The Jalopy Journal
Discussion in 'The Hokey Ass Message Board' started by gbritnell, Jan 9, 2014.
WOW,WOW and WOW!!
All I can say it is simply amazing. I admire anyone with the skill and perseverance to accomplish what you have done.
totally incredible - great work !
That is so stinkin cool!
Great job!!! Built several small block fords and I've got to agree you nailed the look perfectly.
Unreal...just amazing work.
Beautiful work...where's the like button?
I am totally floored by the quality of your work,and the amount of time and attention you must have given this project.
Your work is just plain amazing.Nice job!
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Great job,i'm a big fan of sbf engines I love it.
It runs on pump gas (86) It will spin and honest 7,800 rpm., no rev job. I figuring with the displacement, 6.5 cu. in and the rpm it should make about 5 hp.
...just having a Friday daydream about a 5 horse mini SBF on my lawn mower...or a 20 horse mini 8V 427 on my lawn tractor..
Seriously that mini SBF is an amazing work of art!!!!
At this point, this whole miniature engine stuff has officially gone seriously nuts.
It is one thing to build a generic small engine, it is quite another to scale down an iconic powerplant, to the point I need a size reference in the photo to tell the two apart.
I am quite unbelieveably impressed.
Here's one with a set of mikes for comparison.
UNBELIEVABLE! That is just too cool. AND...sounds great too. Well done.
I'll take that as a 0-1" mike, and thank you. Helped wrap me head around the size.
You are a capital 'M' Machinist, sir!!
Is that a 1 wire gm alt?
OUTSTANDING !!!!!!!!!!!!!! and WOW !!!!!!!!!!!!!!!!!!!!!
Thanks for sharing what must have been 100's of hours on the mill and lathe. When you can impress a died in the wool Chevy guy like me you've really done something............and I'm seriously impressed.
Way Cool. You are very talented. Thanks for sharing.
From the initial layouts and sketches, through machining and building to carburetor and ignition experimentation I have in the neighborhood of 2500 hours.
When I learned my trade as a metal patternmaker, way back when, most all of the pattern and die work was machined by hand or finished by hand so it was just a short step away to building my engines and things. Nowadays there are CNC machines that will do all of this contour work in 1/10 of the time but that's another subject altogether.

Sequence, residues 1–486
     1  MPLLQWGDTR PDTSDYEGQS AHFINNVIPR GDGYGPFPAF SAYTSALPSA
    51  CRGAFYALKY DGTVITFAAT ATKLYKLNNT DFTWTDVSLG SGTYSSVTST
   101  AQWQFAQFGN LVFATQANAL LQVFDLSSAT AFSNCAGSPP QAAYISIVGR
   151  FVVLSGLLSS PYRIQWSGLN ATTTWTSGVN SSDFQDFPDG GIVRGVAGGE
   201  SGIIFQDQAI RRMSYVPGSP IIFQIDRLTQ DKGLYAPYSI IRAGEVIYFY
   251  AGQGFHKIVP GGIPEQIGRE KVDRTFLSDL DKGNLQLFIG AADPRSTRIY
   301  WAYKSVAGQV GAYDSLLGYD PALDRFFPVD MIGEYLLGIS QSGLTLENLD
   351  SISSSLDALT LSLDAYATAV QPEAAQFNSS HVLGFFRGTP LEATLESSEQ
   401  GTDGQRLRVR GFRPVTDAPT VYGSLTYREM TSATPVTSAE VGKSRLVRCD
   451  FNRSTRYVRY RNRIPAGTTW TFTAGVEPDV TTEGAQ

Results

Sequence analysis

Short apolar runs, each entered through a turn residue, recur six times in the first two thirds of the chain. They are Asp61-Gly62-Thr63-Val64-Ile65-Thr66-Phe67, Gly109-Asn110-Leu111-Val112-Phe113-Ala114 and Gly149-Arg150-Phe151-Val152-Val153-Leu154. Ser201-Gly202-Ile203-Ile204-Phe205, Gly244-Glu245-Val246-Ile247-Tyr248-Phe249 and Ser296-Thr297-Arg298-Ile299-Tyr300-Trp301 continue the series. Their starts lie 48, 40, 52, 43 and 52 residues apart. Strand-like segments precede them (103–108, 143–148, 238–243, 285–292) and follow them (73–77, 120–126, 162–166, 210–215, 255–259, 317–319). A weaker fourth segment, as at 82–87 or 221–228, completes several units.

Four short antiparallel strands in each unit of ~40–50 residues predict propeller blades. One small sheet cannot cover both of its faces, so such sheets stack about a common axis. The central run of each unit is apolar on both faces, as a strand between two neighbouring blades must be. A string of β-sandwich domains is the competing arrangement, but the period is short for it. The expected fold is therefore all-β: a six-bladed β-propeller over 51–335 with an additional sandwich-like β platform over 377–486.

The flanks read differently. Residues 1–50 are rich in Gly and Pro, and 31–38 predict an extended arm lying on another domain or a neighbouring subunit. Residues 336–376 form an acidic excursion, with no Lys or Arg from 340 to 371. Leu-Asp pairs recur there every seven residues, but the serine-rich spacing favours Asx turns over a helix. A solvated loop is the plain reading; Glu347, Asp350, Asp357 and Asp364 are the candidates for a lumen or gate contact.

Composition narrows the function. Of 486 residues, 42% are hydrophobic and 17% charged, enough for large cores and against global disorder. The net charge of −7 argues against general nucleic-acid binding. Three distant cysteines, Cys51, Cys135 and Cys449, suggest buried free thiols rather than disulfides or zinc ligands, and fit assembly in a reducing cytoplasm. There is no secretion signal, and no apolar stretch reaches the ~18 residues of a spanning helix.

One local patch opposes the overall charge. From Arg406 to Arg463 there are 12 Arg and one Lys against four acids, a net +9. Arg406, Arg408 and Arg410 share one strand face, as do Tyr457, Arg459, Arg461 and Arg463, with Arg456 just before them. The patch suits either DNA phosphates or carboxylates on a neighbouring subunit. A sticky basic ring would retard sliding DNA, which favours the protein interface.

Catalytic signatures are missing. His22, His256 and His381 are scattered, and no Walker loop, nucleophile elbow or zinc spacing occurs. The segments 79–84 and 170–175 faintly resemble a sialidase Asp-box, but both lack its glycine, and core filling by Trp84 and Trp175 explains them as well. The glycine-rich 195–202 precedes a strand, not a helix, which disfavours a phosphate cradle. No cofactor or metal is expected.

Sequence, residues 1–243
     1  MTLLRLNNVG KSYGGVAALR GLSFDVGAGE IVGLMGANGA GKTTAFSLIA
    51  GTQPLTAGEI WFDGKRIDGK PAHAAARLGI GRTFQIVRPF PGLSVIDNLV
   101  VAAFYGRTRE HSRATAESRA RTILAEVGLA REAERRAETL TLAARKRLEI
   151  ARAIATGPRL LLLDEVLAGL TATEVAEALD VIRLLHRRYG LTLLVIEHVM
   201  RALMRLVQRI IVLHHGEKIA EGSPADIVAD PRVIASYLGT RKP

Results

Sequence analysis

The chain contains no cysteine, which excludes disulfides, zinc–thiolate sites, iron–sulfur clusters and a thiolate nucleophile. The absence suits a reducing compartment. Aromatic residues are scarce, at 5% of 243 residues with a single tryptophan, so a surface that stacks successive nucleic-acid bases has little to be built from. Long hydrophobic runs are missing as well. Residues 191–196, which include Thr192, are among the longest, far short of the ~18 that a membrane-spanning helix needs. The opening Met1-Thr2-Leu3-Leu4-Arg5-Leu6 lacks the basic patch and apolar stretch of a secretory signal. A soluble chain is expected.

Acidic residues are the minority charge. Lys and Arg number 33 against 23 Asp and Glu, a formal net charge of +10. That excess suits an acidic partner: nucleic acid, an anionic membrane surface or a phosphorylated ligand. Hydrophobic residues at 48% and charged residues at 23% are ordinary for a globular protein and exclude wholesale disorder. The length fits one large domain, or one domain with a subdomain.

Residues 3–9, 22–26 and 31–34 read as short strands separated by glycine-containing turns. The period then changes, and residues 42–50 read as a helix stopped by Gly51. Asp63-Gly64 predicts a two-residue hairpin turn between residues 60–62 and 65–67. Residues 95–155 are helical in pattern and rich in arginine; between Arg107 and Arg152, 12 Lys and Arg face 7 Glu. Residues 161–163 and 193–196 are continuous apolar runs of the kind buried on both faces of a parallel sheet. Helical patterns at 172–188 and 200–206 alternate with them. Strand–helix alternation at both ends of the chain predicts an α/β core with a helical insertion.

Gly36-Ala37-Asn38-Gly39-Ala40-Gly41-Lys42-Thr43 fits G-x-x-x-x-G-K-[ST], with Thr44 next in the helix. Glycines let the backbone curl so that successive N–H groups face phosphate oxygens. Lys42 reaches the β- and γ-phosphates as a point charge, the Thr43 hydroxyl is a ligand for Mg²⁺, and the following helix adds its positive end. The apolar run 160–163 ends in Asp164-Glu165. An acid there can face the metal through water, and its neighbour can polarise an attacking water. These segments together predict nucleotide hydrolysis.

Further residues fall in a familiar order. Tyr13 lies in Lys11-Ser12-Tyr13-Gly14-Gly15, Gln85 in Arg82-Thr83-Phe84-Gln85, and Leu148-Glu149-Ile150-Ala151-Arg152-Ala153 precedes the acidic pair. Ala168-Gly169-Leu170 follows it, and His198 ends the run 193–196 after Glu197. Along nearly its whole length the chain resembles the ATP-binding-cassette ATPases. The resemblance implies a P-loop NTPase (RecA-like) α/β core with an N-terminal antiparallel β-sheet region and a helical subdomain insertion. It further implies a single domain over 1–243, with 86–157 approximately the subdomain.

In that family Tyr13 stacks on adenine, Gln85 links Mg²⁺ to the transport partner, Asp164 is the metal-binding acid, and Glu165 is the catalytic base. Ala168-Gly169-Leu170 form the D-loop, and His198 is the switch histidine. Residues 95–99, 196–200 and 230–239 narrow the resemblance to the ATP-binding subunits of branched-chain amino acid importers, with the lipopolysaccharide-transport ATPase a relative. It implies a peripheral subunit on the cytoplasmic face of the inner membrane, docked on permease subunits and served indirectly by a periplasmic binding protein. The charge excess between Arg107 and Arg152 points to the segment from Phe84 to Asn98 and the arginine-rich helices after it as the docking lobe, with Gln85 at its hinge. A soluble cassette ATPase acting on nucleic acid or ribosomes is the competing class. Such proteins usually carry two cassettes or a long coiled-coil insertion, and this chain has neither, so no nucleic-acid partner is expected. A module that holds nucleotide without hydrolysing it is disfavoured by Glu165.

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Holy moly! It didn't really sink in how small this engine was until I saw the hose clamps on the coolant lines. Typically those screw heads are 5/16". Man what an engine for a go cart! I cannot put into words my respect for your accomplishment sir! I'd love to see what it does on a dyno.
Btw, what did the oil filter come from?
I made almost every part in the engine. I bought the valve springs and the 2 helical gears that drive the oil pump/distributor from the cam. Everything else I made. The oil filter center section and the can were machined from brass. The inner tube has fine surgical steel mesh rolled around it and soldered. The outer can was then soldered to the center section, bead blasted and painted. The large FL1-A was masked and hand painted. The small Motorcraft logos are a type of transfer lettering they use for model trains. After everything was in place I gave it a light coat of clear. So the filter does actually filter but the oil (straight 30 wt.) get changed a couple of time a year so it doesn't get very dirty. The biggest problem when I first got it running was keeping head gaskets on it. Not so much around the cylinders but sealing at the water openings. I finally found a high temperature silicon coated material and it has held up very well. Here's a couple of pictures of the engine torn down on the bench when I was having head gasket problems.
Great workmanship & detail!
I am amazed and quite impressed. I've overhauled who knows how many gasoline and diesel engines since the early '70s but in my opinion, if I'd been able to do what you have done, there would be not much left to accomplish.
That said, and I really mean it, whats the chances of putting your engine on a dyno?
now are you going to tell us that it runs hydraulic lifters, just to blow our minds. as a sbf fan im well impressed, hats off to you sir.
OMG that's outragous. I think you just humbled a lot of people here. I'm stuck for words.
As an experienced machinist, I am real interested to know what tooling you used to make the crank.
Incredible work. The world's first $250,000 302?
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